History of Fargo-Moorhead

Less than ten thousand years ago, the area that is now Fargo-Moorhead was 200 feet below the surface of Lake Agassiz, a huge inland sea formed at the end of the last iceage. Over centuries the waters receded, leaving six feet of rich, black soil that today make the Red River Valley one of the world’s most fertile farmlands, with Fargo and Moorhead as its center.

The Red River of the North separates the two cities and serves as the border between North Dakota and Minnesota. The city of Fargo was named for one of the owners of the Wells-Fargo Express Company, William G. Fargo. In 1885, the existence of many lawyers in Fargo and easy divorce laws prompted thousands of unhappy married people to apply for the “Ten-Minute Divorce.” Also in Fargo’s history is the Great Fire of 1893, started when Mrs. Rosa Herzman discarded ashes behind her grocery store. They were ignited, and fire spread from what is now Main Avenue to the north. By the end of the day, downtown Fargo was devastated.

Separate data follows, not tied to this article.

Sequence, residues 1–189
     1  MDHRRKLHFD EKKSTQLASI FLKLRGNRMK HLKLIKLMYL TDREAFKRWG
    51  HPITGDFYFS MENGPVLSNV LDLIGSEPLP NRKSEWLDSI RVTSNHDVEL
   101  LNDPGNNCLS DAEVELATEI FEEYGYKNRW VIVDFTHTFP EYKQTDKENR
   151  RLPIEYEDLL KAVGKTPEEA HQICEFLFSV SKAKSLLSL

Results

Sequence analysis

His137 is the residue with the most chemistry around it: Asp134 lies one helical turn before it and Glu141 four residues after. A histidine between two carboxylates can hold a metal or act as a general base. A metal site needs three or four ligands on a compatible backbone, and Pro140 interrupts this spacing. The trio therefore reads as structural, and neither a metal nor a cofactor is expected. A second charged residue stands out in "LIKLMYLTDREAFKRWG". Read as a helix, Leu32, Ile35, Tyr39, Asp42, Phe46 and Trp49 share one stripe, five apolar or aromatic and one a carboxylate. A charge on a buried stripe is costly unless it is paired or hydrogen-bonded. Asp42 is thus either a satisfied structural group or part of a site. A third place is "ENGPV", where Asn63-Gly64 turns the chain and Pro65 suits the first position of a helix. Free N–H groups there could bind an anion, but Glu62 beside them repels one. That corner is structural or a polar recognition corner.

The city of Moorhead was named after William G. Moorhead, an executive of the Northern Pacific Railway. In fact, the Northern Pacific Railway had a profound impact on both the economy and population of the area. Originally settled by Scandinavian and European immigrants, Fargo and Moorhead became boomtowns with the arrival of the NP in 1871. When the Northern Pacific Railroad was selecting its crossing site over the Red River, eager land speculators spared no effort to learn of the location. Railroad officials marked a false route a few miles north of Moorhead, Minnesota to throw speculators off the trail. This area, now Oakport Township, was known for years as “Bogusville.”

Under the Homestead Act, settlers were given 160 acres in exchange for living on the land and farming part of it for at least five years. Suddenly Fargo-Moorhead became a mecca for hopeful refugees from the overcrowded east. The railroad brought a constant stream of settlers seeking a new life on America’s newest frontier.

Today the population of the Fargo-Moorhead metropolitan area is more than 200,000, and there seems to be no end in sight to the persistent prosperity and growth of the twin cities on the Red. While agriculture is still prominent in the local economy, Fargo-Moorhead has also become an important focal point for other professions, including government, education, medicine, retailing and manufacturing.

The spirit of the early pioneers remains a treasured part of our proud heritage. We continue to build on our colorful past as we look forward to the promise of the future.